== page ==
Fig. 2

Surgical procedures of the daVinci robot-assisted low anterior resection of the rectum and laparoscopic radical prostatectomy. a Posterior dissection in the pelvic cavity using four robotic arms, b anterior dissection in the pelvic cavity using four robotic arms, c after daVinci robot-assisted low anterior resection of the rectum, d daVinci® robot-assist laparoscopic radical prostatectomy

After the mesorectum was dissected up to the rectal wall, the robotic instrument was disengaged. The right 8-mm daVinci® trocar was changed to 12 mm trocar for introduction of the endo-GIA stapler which was used to divide the rectum. The rectum was extracted through the left second 8-mm da Vinci® trocar. An end-to-end anastomosis (EEA) anvil was then inserted in the proximal colon after resection of the specimen extracorporeally and secured with a purse-string suture. The colon was then placed back into the abdomen and the enlarged port site was closed. Pneumoperitoneum was restored, and an EEA stapler was used to create an end-to-end anastomosis. The anastomosis was tested with air insufflation (Fig. 2c).

For robot-assisted laparoscopic radical prostatectomy, the specimen extraction site was closed tightly and a 12-mm trocar was reinserted for use of the laparoscopic grasper. The 8-mm working ports on both sides were also reinserted. Then two additional ports were placed (Fig. 1). The third robotic arm was inserted in the new port at the far right. The 5-mm trocar for suction was placed 10 cm from the camera port towards the left costal margin. Peritoneoscopy was carried out with a 0° laparoscope.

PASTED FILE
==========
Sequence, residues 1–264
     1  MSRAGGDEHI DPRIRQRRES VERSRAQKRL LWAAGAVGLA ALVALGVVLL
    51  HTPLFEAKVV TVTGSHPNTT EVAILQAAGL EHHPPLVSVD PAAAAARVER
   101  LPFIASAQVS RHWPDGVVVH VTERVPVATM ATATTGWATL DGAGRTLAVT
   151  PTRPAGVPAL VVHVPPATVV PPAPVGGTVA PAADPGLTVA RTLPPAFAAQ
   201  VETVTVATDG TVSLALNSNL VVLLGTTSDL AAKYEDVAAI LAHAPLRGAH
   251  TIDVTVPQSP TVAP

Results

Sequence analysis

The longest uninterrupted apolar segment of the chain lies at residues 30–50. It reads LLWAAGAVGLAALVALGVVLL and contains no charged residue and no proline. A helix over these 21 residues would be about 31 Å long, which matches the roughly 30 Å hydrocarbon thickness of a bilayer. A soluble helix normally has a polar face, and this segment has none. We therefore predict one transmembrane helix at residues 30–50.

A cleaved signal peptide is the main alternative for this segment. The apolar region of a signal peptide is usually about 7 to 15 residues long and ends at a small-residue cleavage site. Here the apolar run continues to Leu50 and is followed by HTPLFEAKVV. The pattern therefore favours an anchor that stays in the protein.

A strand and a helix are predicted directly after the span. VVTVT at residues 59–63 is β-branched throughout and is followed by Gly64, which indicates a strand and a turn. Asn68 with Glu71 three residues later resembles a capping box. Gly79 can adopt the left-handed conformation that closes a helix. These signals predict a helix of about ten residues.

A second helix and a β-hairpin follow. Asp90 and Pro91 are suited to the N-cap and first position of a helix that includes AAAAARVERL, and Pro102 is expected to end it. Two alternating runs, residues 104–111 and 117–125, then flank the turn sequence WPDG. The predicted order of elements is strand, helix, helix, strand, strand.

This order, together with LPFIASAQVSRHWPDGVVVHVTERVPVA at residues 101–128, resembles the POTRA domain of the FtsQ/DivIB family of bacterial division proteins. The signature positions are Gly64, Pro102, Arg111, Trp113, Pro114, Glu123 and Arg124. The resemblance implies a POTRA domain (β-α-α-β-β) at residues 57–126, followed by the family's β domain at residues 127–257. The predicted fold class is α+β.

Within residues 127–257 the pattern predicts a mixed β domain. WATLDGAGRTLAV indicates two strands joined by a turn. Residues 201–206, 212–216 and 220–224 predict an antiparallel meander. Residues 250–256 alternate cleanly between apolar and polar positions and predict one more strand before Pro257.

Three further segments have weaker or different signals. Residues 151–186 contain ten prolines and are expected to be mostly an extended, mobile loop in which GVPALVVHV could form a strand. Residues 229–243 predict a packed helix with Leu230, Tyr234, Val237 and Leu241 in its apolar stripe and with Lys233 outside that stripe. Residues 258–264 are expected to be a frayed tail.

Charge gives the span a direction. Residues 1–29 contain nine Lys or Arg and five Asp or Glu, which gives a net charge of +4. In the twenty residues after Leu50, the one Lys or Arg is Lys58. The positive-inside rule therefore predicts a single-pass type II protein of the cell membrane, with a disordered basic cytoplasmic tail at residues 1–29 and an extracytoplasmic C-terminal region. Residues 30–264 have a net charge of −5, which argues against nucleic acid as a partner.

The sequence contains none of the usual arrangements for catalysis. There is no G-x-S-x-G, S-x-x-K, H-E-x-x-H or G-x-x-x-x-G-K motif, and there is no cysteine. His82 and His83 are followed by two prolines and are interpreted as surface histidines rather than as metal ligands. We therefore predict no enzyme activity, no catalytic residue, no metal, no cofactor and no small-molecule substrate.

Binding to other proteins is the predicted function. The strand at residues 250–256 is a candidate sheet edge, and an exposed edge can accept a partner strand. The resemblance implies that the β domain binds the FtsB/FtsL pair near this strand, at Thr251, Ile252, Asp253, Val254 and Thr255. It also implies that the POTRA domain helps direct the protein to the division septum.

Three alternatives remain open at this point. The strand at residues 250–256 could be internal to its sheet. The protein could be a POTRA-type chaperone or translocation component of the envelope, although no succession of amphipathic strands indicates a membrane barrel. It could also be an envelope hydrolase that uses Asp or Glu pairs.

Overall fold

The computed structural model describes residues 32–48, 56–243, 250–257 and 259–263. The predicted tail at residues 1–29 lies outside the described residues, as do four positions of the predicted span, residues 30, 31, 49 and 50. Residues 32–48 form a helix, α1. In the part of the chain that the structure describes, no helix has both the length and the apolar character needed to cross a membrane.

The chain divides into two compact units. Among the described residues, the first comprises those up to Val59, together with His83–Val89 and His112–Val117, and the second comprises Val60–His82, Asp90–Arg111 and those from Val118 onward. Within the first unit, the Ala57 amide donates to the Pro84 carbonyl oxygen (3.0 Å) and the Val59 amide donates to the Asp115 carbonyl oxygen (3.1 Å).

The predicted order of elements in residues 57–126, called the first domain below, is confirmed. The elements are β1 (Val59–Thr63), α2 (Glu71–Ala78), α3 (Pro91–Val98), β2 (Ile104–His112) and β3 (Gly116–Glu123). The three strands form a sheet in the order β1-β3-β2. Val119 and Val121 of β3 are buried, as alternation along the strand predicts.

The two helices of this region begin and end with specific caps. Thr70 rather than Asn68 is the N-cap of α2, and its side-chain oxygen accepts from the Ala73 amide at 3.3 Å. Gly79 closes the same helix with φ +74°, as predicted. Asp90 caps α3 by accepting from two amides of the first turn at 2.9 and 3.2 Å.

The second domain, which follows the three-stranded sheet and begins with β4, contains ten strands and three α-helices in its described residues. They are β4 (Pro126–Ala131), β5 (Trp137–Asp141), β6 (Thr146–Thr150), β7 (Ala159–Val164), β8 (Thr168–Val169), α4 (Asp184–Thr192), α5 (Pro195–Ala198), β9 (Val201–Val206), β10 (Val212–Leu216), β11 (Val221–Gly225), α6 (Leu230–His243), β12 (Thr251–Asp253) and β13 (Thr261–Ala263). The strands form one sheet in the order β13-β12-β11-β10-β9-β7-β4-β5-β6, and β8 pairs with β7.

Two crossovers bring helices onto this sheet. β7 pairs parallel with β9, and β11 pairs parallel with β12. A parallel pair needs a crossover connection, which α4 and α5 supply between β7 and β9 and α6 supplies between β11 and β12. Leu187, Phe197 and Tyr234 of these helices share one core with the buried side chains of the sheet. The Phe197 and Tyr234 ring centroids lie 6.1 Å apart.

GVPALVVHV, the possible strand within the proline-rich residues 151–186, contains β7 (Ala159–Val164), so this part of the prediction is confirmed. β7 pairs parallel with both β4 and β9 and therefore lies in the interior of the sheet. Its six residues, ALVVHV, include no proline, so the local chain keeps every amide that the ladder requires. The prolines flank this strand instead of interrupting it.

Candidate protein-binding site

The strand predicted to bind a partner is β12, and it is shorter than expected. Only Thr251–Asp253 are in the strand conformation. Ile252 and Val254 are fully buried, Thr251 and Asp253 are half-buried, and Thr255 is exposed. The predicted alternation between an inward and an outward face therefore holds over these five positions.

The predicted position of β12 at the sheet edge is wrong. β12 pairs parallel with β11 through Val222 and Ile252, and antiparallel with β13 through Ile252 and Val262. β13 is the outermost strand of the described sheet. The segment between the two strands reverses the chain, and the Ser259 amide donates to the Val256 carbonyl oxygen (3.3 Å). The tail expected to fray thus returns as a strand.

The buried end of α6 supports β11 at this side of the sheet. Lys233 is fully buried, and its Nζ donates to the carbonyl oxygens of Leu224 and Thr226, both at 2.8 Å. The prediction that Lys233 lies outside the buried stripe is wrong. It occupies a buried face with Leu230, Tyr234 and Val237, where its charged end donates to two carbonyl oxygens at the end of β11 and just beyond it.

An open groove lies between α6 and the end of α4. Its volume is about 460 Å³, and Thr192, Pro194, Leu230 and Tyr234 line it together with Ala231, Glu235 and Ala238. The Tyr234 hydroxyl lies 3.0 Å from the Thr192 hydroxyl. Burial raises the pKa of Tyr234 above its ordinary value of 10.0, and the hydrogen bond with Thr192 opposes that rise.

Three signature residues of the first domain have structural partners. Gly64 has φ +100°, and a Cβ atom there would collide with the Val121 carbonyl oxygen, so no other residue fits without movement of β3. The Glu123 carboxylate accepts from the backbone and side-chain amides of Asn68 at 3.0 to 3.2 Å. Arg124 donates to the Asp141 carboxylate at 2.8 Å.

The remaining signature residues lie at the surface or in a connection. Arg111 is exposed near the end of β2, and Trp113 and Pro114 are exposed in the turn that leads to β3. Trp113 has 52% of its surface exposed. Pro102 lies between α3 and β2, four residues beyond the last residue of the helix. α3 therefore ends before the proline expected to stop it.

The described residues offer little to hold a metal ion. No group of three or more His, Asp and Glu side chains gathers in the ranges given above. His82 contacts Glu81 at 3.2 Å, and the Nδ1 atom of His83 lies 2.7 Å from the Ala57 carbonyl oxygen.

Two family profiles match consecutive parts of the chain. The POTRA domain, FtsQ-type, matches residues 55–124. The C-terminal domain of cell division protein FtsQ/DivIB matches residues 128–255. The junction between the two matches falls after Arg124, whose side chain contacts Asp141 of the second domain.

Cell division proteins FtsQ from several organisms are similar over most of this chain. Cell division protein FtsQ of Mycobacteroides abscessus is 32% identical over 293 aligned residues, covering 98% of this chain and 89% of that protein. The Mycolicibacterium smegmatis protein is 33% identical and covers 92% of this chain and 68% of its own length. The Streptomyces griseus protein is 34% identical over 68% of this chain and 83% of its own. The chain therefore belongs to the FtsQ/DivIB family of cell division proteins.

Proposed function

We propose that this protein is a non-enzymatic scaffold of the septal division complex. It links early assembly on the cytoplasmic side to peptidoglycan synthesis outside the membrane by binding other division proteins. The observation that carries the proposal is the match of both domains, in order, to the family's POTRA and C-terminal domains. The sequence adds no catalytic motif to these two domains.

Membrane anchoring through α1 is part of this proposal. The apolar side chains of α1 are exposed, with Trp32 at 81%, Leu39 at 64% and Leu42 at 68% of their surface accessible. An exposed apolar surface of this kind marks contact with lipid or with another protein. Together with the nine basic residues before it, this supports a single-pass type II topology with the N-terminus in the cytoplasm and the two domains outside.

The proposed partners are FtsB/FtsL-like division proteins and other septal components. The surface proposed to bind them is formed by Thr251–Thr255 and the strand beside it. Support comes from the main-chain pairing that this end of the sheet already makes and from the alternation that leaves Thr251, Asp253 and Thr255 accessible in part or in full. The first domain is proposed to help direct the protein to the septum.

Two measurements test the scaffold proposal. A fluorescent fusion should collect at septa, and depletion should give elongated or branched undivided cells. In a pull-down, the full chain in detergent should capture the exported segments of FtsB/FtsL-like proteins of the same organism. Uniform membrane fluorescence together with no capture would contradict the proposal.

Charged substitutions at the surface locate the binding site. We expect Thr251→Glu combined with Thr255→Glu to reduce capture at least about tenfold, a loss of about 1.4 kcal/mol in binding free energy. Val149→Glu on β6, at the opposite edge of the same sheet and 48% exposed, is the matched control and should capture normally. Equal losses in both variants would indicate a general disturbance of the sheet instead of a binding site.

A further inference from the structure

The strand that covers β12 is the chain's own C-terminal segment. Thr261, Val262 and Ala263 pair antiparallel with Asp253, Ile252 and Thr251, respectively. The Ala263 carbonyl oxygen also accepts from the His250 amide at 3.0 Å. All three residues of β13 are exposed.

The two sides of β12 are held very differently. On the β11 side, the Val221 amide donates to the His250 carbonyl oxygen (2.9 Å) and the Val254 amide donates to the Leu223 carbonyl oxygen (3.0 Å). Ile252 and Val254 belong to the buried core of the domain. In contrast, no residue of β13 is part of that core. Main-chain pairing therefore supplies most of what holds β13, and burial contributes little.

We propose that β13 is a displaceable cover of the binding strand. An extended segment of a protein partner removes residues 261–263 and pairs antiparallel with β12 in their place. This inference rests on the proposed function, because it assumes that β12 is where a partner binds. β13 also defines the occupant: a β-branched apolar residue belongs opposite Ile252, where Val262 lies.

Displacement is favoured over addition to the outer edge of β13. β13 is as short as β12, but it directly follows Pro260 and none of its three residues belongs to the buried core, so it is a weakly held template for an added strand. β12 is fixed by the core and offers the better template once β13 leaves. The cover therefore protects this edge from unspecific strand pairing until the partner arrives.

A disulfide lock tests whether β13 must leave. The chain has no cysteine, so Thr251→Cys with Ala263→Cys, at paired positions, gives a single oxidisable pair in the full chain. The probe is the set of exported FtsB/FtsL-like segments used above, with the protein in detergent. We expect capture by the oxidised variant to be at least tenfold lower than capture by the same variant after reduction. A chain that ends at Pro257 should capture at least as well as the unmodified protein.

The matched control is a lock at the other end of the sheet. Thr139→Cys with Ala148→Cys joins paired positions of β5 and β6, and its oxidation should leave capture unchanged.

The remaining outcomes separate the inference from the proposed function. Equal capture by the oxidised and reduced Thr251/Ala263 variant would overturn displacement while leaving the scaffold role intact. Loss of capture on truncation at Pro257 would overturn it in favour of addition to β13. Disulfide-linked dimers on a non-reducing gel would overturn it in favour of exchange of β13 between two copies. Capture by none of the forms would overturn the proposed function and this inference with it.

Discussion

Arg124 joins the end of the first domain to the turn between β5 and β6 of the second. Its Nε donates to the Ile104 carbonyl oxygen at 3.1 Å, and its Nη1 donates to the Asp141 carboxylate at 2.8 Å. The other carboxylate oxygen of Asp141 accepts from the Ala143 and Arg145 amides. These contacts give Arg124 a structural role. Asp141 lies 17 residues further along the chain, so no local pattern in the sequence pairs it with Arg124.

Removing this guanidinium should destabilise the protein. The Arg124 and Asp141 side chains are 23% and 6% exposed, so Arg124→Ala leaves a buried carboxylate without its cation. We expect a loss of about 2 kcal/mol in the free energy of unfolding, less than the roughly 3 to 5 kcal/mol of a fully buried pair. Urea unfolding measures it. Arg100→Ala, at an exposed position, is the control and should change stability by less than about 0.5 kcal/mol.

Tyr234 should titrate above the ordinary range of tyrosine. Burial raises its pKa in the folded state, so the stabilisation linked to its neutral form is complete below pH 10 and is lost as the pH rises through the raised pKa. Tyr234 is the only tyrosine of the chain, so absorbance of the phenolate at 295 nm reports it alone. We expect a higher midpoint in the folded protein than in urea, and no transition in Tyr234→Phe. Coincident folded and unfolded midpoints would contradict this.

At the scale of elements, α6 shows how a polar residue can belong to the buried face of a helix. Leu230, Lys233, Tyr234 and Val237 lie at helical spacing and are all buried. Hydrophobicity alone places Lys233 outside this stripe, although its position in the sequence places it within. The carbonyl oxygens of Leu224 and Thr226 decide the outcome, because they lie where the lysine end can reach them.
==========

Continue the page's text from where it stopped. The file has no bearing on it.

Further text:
After carrying out bilateral pelvic lymph node dissection, fat overlying the prostate, the endopelvic fascia and the prostatovesical junction were cleared away. The superficial branch of the dorsal vein was coagulated with the bipolar forceps. Incision of the anterior bladder neck exposed the Foley catheter. This was further incised with tailoring according to the presence of medial, lateral, or intravesical projecting lobes of prostate. The posterior bladder neck was also dissected with the ureteral orifice carefully avoided to prevent injury. After transverse incision of the fascia, the vas deferens and the seminal vesicles became visible. Posterior dissection of the prostate was performed previously during LAR. Prostatic pedicles were controlled by with hemoclips with care to preserve the neurovascular bundles. Apical dissection and transection of the urethra were next performed (Fig. 2d). The specimen was then placed in an entrapment bag and temporarily placed away from the operating field. Rocco stitch was done with 3-0 Vicryl. A double-armed suture was prepared by tying the tails of two 3-0 Monocryl (17 + 17 cm) with UR6 needle to perform a running anastomosis using single knot-suturing technique starting from the posterior. A 16 Fr. silastic Foley catheter was introduced, and the balloon was inflated to 5 cc. The anterior urethrovesical anastomosis sutures were then placed completing the anastomosis. No flap was used between two anastomotic sites, and complications such as anastomotic leakage or fistula were not observed during the follow-up period. The resected prostate was extracted through the reopened left 12-mm port site. Estimated blood loss was approximately 350 cc and the total operative time was 360 min. There was no injury during the operation. For prevention of organ injury or additional urine diversion, insertion of ureteral stent or suprapubic cystostomy was not performed during this simultaneous robotic surgery.